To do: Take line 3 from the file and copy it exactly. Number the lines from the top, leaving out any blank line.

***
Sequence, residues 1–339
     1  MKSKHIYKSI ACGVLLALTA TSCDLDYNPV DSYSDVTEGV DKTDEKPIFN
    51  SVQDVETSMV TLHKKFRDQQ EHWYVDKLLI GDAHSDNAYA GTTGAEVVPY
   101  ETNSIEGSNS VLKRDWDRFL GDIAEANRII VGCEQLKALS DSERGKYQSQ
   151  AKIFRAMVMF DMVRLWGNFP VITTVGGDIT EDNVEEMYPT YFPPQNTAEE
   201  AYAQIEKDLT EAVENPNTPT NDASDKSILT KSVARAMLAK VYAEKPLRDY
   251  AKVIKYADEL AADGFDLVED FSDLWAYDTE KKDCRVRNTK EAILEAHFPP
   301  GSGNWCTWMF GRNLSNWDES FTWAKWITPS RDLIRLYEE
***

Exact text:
    51  SVQDVETSMV TLHKKFRDQQ EHWYVDKLLI GDAHSDNAYA GTTGAEVVPY